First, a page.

BCFB: WOMPS formed “out of the ashes” of Algernon Doll – How have people taken to the name change and new material you’ve been putting out?
Owen: The reaction has been mixed but pretty positive so far. We don’t really place any worth in a name though. Look at Arctic Monkeys: terrible name, great band. Generally, we’re a lot happier with what we’re making and it’s nice to know some people are digging the change.
How has it been to put an end to Algernon Doll and start afresh? Was there any particular motivation to shift to WOMPS?
WOMPS is a completely different thing from Algernon Doll. We did a lot of cool things with AD but that was always just Ewan’s thing. We wanted to start WOMPS as a fresh start with a more focussed and collaborative creative output. This means that as well as songwriting, everything else has changed and opened up discussion wherever discussion is due.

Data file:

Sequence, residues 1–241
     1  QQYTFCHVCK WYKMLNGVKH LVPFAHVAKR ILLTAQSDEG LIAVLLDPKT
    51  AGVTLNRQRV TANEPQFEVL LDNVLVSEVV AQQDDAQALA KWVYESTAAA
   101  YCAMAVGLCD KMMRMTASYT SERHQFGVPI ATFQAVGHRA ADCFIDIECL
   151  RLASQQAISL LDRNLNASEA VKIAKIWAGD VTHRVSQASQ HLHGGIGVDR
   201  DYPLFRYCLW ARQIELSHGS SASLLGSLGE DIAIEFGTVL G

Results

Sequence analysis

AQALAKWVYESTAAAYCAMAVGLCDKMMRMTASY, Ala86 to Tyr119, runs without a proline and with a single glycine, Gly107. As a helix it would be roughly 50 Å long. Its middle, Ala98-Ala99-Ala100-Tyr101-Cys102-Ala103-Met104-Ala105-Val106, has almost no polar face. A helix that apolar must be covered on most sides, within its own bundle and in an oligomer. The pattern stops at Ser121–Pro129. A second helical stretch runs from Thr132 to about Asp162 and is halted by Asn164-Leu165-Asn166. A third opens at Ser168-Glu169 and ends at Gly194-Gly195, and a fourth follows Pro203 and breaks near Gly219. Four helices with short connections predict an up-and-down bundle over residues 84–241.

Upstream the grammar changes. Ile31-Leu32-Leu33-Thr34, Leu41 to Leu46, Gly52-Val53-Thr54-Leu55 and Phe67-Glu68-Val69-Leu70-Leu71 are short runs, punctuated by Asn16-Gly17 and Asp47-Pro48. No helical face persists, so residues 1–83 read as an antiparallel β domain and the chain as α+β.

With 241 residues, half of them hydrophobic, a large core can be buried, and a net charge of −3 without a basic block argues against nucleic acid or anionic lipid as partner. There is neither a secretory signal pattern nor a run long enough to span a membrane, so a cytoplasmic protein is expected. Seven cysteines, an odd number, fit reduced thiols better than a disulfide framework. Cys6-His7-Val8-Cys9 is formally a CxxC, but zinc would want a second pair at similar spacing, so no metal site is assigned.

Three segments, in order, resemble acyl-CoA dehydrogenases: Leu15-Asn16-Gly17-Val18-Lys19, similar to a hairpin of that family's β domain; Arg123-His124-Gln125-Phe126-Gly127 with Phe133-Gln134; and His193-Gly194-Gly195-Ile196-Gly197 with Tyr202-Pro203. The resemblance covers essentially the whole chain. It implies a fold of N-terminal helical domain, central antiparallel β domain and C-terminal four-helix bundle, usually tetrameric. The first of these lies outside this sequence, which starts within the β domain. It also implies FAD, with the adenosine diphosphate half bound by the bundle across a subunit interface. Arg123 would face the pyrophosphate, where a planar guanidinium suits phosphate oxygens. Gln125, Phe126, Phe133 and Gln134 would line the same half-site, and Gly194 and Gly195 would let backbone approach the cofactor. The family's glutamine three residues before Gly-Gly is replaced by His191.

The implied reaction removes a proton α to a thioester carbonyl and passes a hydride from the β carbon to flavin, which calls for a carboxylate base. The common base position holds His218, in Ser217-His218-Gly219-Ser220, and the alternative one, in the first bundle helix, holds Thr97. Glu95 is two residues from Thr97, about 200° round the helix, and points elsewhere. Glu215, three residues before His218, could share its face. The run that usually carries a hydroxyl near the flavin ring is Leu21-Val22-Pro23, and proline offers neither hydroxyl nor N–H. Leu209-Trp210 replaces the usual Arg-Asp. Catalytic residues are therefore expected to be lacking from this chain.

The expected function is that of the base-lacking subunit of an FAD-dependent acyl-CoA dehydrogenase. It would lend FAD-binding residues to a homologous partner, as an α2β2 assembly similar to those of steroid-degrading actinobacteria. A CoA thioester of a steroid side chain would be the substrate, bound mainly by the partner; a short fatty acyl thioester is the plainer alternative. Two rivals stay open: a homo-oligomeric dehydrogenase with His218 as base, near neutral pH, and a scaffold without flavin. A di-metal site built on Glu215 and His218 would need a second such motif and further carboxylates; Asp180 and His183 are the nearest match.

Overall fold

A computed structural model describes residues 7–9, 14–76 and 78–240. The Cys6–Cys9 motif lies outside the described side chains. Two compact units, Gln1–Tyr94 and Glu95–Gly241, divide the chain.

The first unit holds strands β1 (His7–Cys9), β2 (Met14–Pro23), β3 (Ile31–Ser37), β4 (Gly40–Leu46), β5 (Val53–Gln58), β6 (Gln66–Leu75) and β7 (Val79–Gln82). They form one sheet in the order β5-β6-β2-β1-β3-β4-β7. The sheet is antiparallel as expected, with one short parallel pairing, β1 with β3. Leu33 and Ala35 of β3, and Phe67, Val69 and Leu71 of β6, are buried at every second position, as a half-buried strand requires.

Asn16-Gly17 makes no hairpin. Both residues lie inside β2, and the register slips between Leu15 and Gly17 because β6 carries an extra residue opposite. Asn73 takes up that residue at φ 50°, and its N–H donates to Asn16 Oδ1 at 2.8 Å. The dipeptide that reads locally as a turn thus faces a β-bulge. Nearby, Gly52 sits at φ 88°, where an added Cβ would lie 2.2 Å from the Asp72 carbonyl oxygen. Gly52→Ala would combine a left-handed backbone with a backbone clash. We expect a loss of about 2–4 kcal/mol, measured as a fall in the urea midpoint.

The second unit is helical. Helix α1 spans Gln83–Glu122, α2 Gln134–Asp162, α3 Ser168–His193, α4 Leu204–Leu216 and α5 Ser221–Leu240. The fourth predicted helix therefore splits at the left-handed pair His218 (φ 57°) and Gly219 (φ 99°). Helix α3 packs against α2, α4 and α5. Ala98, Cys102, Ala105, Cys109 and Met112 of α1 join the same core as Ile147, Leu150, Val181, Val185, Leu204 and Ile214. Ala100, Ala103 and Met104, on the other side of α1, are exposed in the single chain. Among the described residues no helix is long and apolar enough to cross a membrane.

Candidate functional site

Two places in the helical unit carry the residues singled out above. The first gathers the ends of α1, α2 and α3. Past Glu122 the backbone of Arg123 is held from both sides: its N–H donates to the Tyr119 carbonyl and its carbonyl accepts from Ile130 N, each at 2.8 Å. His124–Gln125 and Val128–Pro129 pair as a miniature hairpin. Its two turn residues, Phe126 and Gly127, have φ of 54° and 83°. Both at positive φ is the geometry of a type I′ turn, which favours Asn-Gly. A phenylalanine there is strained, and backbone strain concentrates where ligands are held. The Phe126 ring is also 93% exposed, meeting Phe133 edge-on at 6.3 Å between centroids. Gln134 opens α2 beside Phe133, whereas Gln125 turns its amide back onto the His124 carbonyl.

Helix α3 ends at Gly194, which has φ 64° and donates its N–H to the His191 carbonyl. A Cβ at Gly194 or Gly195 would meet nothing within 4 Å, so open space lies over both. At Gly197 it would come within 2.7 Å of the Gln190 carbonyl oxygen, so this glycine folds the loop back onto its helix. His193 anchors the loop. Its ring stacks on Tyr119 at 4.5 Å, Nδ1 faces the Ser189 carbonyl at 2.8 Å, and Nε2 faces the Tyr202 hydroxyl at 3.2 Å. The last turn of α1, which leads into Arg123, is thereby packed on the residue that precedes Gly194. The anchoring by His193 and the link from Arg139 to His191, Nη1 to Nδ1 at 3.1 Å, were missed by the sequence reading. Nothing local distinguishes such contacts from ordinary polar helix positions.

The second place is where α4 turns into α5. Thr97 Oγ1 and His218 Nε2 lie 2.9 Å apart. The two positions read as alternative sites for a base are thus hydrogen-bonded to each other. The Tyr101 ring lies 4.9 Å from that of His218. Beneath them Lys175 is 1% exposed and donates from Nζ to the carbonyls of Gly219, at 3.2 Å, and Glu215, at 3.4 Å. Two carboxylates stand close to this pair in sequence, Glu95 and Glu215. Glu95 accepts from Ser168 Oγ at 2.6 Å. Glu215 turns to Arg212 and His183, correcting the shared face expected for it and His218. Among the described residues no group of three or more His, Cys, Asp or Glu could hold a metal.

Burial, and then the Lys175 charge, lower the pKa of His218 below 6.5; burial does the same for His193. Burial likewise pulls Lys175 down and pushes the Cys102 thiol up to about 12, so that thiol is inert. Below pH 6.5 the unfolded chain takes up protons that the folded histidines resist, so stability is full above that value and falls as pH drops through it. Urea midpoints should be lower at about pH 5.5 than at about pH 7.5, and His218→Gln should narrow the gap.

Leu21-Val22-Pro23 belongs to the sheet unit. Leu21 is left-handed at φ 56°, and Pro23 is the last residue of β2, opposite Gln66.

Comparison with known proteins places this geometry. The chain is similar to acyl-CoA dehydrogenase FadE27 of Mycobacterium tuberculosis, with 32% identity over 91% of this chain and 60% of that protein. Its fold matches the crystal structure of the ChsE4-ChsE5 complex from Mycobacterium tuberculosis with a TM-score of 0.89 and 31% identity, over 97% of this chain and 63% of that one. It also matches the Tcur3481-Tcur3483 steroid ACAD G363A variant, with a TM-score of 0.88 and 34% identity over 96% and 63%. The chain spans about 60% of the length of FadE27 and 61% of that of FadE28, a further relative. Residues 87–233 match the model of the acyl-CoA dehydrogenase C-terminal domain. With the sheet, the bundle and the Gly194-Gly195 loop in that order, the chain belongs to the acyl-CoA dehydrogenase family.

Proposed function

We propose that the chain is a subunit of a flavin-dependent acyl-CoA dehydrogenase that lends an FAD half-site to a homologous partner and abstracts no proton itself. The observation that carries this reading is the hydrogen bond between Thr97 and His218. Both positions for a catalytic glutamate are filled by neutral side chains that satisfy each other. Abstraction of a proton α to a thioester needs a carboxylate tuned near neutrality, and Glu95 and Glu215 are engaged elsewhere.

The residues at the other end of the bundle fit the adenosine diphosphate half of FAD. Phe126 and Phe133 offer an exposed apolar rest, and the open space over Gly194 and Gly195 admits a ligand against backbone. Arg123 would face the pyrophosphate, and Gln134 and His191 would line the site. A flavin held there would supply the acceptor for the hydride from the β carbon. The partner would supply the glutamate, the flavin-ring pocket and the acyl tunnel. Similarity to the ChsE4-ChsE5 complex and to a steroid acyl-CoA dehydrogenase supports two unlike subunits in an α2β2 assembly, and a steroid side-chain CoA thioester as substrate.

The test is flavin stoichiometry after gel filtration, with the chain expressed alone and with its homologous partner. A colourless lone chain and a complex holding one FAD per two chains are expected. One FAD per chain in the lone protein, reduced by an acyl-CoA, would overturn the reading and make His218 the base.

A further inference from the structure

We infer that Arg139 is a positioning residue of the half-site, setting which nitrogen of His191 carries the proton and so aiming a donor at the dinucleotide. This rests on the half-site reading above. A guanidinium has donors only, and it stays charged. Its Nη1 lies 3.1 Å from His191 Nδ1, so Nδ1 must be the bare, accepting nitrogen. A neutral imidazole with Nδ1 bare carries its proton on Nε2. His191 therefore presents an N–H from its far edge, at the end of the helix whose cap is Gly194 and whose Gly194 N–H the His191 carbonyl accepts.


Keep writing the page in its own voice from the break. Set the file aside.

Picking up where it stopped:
You’ve recently been stateside for SXSW – First time at South By? How were the shows for you boys?
Yeah that was our first time at SXSW but we fully intend to go back next year. The shows were great. Each show was very well attended and the atmosphere was always super welcoming and positive.
Your debut album ‘Our Fertile Forever’ is out this summer. You were in the studio with Steve Albini in Chicago, right? How were those sessions working with Albini?
Working with Albini was surprisingly comfortable and easy. We wanted to work with Steve for a few reasons, but mainly the fact that we could play live in one room and have it compliment our performance. Steve did exactly what we wanted him to do with next to no issues. It’s incredible what he can do with a live band, some old gear and some fart jokes.
Besides the finished product, what did you come away with from that experience?
Besides the actual recording of the LP, we definitely learnt a few lessons from Steve and the team at Electrical Audio. They were all very supportive and reassuring in that what we were doing was right for us if it felt right for us. It’s pretty common to have people reach out with advice and direction etc, and that’s fine. But what the EA team gave us was a bit of confidence to trust ourselves and have our own opinions. They’re all such great people and come from pretty much the same backgrounds as us, so their words and hospitality were really valuable to us.